Can Space-Aged Tomato Seeds Save an American Food Desert?

Despite having three grocery stores within a mile radius, many students attending Carl Schurz High School in Chicago have never eaten a fresh piece of lettuce, much less know where their food is grown. This year, that’s changing for some with the construction of the school’s new food science lab. The lab allows them to grow everything from tomato seeds that have orbited through space to earthly micro-greens, arugula, and kale in a variety of different environments.

“There’s a huge disconnect between environmental and food science education, the actual process of growing, and teaching students what that process is,” says Mitch Arsenie, an AP environmental science teacher at Shurz High School, which is located on the city’s northwest side.

But he’s not starting out small. He’s starting with tomato seeds that have spent some time on the International Space Station (ISS).

NASA has been experimenting with growing crops in space as a way to supply astronauts with fresh produce and meaningful work on long journeys (see Gardening in Space Gets Ready for Lift-Off).

Tomato seeds in space. Photograph by NASA

Tomato seeds in space. Photograph by NASA

The tomato seeds were sent to ISS on board SpaceX’s Dragon last April and returned to Earth after spending five weeks in space through an educational program called Tomatosphere.

Since 2001, Tomatosphere has sent an estimated three million students in the U.S. and Canada tomatoes from space to grow and report back on germination rates, growth patterns and the vigor of the seeds. And Carl Schurz High School, where 9 out of 10 students are low-income and only 10 percent is college-ready, was one of 18,000 classrooms to receive the seeds.

Students grow tomato seeds that spent time in space inside their Chicago school. Photograph by XX

Students grow tomato seeds that have travelled in space inside their Chicago school. Photograph by Megy Karydes

Teacher Arsenie has big goals for the tomato seeds and for his students.

“The hope is that we not just do a study that we give back data to tomatosphere.org, but also a study of our own. How do we compare germination rates and growth rates in the food computer versus a traditional pot and soil and grow lights in the classroom?” says Arsenie. “So we’re going to compare brand new [systems] like the food computer to old-fashioned farming techniques and see if there are any noticeable differences in germination rates and growth.”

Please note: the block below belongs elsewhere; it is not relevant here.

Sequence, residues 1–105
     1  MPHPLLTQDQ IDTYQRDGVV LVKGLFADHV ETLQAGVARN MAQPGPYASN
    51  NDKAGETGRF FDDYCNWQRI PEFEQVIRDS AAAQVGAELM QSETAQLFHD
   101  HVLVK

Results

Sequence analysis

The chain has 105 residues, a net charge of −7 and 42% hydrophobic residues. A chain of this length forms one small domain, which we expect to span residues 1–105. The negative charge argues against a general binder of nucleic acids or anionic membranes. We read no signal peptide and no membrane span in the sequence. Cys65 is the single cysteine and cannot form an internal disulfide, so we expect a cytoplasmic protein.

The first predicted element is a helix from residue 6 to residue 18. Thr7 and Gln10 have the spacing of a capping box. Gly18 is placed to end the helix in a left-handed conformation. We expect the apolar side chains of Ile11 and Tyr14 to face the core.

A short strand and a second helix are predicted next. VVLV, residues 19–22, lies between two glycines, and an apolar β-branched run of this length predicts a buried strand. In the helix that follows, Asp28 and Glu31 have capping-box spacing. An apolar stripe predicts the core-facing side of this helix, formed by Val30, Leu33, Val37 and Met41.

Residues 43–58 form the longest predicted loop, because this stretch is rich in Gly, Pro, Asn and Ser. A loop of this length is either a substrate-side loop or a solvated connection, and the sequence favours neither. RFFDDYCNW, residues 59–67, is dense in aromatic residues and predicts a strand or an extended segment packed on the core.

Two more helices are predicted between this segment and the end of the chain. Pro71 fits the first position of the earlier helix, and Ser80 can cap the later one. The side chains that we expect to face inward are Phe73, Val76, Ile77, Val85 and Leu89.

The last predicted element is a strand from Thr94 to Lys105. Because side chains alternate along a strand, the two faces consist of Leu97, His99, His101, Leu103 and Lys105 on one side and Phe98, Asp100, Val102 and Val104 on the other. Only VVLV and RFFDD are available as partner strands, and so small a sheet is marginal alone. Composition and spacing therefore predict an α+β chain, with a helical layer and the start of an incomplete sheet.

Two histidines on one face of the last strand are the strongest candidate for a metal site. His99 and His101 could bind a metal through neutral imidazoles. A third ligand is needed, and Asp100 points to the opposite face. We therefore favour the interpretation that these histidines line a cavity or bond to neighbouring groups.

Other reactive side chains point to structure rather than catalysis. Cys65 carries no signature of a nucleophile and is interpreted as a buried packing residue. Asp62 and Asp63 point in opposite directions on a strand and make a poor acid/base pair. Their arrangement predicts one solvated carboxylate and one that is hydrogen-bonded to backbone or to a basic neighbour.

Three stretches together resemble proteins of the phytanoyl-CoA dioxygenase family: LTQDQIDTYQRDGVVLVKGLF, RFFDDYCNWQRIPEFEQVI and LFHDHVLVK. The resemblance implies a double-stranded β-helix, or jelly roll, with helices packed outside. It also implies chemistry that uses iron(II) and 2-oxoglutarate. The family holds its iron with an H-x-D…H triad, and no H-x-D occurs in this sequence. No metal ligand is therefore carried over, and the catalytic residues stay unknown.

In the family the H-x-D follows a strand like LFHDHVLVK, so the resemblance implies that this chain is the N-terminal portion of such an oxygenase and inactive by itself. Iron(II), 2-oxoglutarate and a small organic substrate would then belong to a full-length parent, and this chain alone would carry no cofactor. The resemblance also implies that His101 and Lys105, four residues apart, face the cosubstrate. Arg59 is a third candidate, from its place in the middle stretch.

The food computer he’s talking about is, of course, the prototype created by MIT’s Caleb Harper. Harper is a National Geographic Emerging Explorer who is pioneering open-source plant growing (see Farming’s Next Wave: The Rise of Programmable Produce) and has worked with several schools around Boston to set up food computers in classrooms.

In Chicago, Diana Guallpa and Diego Nava, both seniors in Arsenie’s class, built the food computer using Harper’s specs.

Nava says the food computer allows him to plant any seed, toy with variables such as the pH and humidity to create a desired outcome, regardless of whether the plot is an African desert or a Chicago food desert.

“It’s like playing with nature,” he says.

The social justice aspect of the food computer is what attracted Guallpa to this project. “I really like the idea of growing the plants and giving them to people who need it,” she says.

When asked how they’ll think the tomatoes will taste, Arsenie admits sampling is part of the project’s appeal.

“If we assume (again, in science you don’t want generally want to assume), but in this case, if the variables are all the same—pH, oxygen, CO2, temperature, light, water, humidity, ideally, by replicating these conditions in the natural world—we’d get similarly tasting product,” says Arsenie. “Nutritionally the same? I don’t think we have that answer yet.”

Guallpa ponders the question, then quickly responds: “I would think the tomato from the food computer would taste fresher because you’re removing external toxins like chemicals, pollutants, pesticides… Growing it indoors, [dirt] still has bacteria but not as much bacteria as [exists] outside. Inside plants would be healthier,” she predicts.

Nava predicts: “Space seeds will be tastier.”

It will take approximately 91 days for the seeds to grow into a ripe tomato, just enough time to conduct some taste tastes before these two seniors graduate and head to engineering programs at local colleges.

 

Megy Karydes is a Chicago-based freelance writer who work has appeared in USA Today, Chicago Tribune, TheAtlantic’s CityLab, and others. Follow her on Twitter and Instagram.